The Army wants your kids to be all they can be: an army of one, so they can fill their quota. The military is screaming for bodies. Male, female, gay, Muslim (well, maybe not Muslim). Our armed forces are looking to put your kids in uniform. The enticements are increasing, as is the pressure on the recruiters to get kids to sign up.
They promise job training, money for college, adventure, leadership skills and a lot more. But before your kids sign on, they should take a good look at what theyre getting into. The service may not be the best or only way to get money for college or vocational training. The job the youngster wants might not exist. Jobs with fancy-sounding titles are often low skill and non-technical. And many military jobs are so different from civilian jobs there may be no translation upon leaving.
The military is not required to keep the recruit in the job for which he/she trained. And finally, the militarys money for education (the new G.I. bill) is not easy to get. The person leaves the military, and then finds out whether theyve met all the requirements.
Some kids join to escape bad personal or family situations. The recruiter can smell them out, since they get easy access to the high schools. Kids who make important decisions when theyre upset, confused or unsure about their future could be pressured into signing. Most people discover their problems get worse, not better, in the military. The youngster who does wish to enlist must be given a chance to reflect, not be bullied, and be encouraged to make that choice out of wanting to go, not because they think they have to.
Our youth should realize the military prepares for war. This is the purpose that guides everything it does. Kids should ask themselves: Am I willing to kill another person if ordered to do so? Would I destroy peoples homes or food? Would I help others who are fighting, even if Im not in combat myself? Do I really want to risk my life in a fight for the cause?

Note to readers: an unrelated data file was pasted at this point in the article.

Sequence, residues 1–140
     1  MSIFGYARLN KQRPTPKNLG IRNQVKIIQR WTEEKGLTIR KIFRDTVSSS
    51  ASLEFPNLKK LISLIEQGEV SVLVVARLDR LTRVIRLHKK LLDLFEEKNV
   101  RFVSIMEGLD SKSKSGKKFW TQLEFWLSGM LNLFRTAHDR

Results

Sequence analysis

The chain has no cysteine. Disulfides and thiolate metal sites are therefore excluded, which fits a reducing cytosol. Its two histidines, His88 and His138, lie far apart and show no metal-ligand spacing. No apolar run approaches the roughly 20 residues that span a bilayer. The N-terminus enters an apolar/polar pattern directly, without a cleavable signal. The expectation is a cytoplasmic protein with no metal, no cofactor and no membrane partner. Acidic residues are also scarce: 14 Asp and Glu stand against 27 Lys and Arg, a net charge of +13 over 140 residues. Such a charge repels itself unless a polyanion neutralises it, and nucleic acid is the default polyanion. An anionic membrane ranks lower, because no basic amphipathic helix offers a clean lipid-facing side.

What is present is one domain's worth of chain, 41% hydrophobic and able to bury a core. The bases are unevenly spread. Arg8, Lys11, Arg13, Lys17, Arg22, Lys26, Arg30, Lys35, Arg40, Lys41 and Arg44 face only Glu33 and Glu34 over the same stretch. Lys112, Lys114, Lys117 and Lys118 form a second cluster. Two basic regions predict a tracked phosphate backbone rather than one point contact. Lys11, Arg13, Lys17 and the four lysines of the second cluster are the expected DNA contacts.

Even soldiers who believe in fighting to defend their country have found themselves ordered to fight when they felt it was wrong. Once they enlist, they cant choose when to fight. There are instances of soldiers finding religion and becoming conscientious objectors while in the military. These rarely get a fair hearing.
If you know of soldiers who need help, have them call the G.I. Rights Hotline at (800) 394-9544. There is an overseas number, (215) 563-4620. The hotline is free, and the call is confidential. More information can be found at www.girights.org.
When I was in the military, it took me four months in Vietnam before I realized it was an unjust war. I didnt object to using violence, nor did I seek an early out. I did refrain from volunteering for situations in which I might have to kill someone. I vowed to obey all orders, but I also tried to protect my newfound beliefs.
If called to defend my friends, I wouldve, but I wasnt about to go gung-ho. In fact, if I remember correctly, there were very few American soldiers at that time who were adamant about winning the war in Vietnam. I think thats happening now to our soldiers in Iraq, and I think thats why its getting difficult to encourage kids to sign up. The chicken hawks and patriotic breast-thumpers should be forced to fight this one, not the kids who are susceptible to flashy ads, uniforms, slogans and guns.
And the recruiters should mind their manners when talking to our kids about military service.
Stanley Campbell is executive director of Rockford Urban Ministries and spokesman for Rockford Peace & Justice.
From the Aug. 31-Sept. 6, 2005, issue